DBS Bank Taiwan hosts Asian Insights forums
By Ted Chen, The China Post
June 20, 2014, 12:08 am TWN
TAIPEI, Taiwan -- The Asian Insights Conference (AIC) hosted by DBS Bank Taiwan (星展銀行) took place yesterday in Taiwan, featuring discussions by notable speakers delving into the development trends of the renminbi and offshore financial centers as well as the future of electronic commerce.
Established in 2013, the AIC forum platform this year took place in Taipei for the first time, featuring heavyweight speakers of their respective disciplines, including former vice president Vincent Siew (蕭萬長), Jan Hung-tze (詹宏志), chairman of Taiwan's leading Internet portal PChome, Cheng Cheng-mount (鄭貞茂), president of the Taiwan Academy of Banking and Finance (台灣金融研訓院), former finance minister Christina Liu (劉憶如), Peter Seah (佘林發), chairman of DBS Group Holdings & DBS Bank, and Piyush Gupta, CEO of DBS Group.
In the event's opening address, Vincent Siew stated that, beset by domestic and international factors, current economic challenges may not be surmounted through fiscal and monetary policies alone, and participation in Asia's regional trade pacts remains Taiwan's sole path toward prosperity — namely, the U.S.-led Trans-Pacific Partnership and the Regional Comprehensive Economic Partnership (RCEP) of the ASEAN nations. Siew stated that despite encouraging steps in the establishment of free trade agreements with New Zealand, progress remains lacking. Siew noted that, as Asian nations bolster ties, priority should be placed on integrating disparate regional economies to attract investments toward much-needed improvements in infrastructure.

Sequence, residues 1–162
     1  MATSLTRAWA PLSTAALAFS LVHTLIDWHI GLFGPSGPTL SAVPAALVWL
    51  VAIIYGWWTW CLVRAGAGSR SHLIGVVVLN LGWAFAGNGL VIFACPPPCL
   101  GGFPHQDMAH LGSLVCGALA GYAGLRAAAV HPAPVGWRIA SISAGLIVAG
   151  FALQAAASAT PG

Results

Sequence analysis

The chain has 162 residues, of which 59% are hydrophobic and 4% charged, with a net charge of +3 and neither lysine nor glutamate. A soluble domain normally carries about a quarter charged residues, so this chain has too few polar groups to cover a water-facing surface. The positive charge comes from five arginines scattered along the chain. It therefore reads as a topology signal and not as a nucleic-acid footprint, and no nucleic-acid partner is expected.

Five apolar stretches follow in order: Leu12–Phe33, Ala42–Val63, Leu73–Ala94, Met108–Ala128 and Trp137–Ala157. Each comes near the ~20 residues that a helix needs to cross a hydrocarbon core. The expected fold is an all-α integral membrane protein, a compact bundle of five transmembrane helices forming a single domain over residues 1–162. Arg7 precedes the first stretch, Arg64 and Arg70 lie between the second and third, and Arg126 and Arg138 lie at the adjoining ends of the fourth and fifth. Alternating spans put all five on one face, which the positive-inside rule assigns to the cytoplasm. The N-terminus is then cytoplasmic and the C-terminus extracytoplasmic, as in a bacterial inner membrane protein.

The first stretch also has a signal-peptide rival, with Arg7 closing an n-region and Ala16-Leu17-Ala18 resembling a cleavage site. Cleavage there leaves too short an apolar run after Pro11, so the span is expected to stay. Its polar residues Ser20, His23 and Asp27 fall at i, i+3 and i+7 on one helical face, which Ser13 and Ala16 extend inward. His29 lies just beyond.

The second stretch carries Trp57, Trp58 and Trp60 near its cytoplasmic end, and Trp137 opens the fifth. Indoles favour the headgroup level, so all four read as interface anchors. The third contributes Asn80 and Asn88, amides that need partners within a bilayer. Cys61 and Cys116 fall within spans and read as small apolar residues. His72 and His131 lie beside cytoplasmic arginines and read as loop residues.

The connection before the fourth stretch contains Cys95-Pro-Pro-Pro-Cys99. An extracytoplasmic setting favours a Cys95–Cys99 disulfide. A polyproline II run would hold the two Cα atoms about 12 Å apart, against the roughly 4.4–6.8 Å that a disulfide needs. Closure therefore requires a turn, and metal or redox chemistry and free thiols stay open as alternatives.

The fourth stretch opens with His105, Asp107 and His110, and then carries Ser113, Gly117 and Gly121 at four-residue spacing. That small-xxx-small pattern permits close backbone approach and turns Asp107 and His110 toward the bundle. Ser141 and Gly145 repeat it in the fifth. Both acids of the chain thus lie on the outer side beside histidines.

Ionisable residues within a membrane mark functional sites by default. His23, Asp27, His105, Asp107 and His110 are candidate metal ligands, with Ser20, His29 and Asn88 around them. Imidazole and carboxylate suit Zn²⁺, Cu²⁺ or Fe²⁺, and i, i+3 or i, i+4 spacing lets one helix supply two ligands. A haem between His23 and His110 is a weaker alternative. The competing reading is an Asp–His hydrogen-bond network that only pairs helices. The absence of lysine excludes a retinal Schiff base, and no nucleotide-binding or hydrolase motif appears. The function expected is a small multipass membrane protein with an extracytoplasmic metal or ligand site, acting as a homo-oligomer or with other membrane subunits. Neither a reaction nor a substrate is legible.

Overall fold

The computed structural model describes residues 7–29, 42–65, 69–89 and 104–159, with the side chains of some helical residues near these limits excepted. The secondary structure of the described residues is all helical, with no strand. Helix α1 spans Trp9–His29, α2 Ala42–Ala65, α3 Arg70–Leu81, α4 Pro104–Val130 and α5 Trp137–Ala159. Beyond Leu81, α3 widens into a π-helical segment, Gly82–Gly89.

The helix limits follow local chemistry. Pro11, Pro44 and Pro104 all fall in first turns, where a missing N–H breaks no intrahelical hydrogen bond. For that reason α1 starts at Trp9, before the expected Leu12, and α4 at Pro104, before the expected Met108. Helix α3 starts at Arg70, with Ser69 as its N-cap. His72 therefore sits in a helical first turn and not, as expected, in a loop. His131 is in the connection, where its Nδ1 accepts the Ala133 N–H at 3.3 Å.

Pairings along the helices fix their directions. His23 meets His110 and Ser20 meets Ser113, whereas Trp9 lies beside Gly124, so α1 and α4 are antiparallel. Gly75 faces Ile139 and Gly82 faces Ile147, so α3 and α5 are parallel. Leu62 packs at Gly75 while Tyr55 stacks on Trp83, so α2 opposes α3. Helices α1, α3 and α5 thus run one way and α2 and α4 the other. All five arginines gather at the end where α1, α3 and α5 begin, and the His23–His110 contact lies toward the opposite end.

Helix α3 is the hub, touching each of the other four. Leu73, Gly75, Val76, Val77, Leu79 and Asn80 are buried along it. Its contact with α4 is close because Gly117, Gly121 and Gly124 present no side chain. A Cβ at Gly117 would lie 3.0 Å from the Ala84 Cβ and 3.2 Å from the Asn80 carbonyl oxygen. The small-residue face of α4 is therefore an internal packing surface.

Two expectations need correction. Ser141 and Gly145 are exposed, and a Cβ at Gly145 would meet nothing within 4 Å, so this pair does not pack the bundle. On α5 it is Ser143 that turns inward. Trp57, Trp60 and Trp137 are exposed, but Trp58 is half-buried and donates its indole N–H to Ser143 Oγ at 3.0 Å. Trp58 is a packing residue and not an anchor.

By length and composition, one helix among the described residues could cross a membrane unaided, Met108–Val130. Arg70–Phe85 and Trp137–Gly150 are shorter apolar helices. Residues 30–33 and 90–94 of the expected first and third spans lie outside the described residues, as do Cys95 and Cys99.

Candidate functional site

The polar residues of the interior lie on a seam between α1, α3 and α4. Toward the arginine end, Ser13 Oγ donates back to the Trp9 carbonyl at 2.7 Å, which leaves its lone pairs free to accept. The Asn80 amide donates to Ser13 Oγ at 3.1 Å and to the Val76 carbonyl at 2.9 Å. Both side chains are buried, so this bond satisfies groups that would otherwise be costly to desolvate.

Taiwan Has Mistaken Notions of Offshore Financial Center Status: Liu
During her address, Christina Liu remarked on a number of common misconceptions about Taiwan's progress toward attaining status as one of Asia's most prominent offshore financial centers. According to Liu, while Taiwan has rapidly attracted nearly 300 billion in reminbi-denominated deposits over the course of last year, Hong Kong remains a more pivotal regional offshore financial center. Liu stated that it is not idle deposits that make an offshore financial center flourish, but the availability of options for the utilization of funds. Hong Kong's rise to prominence as a vital Asian financial hub lies in its support of renminbi as a currency for international trade settlements, a trait shared by Macau and a number of ASEAN nations. By contrast, the lack of avenues of outflow for renminbi deposits in Taiwan represents a long-term risk in the far horizon, said Liu. Liu noted that while the availability of outflows are improving following the launching of Formosa Bonds, setbacks in the completion of the Cross-Strait Trade in Services Agreement have halted the realization of the 100-billion outflow avenues extended by China through the Renminbi Qualified Foreign Institutional Investor scheme (RQFII). In addition, Taiwan is continually plagued by its inability to attract foreign direct investments.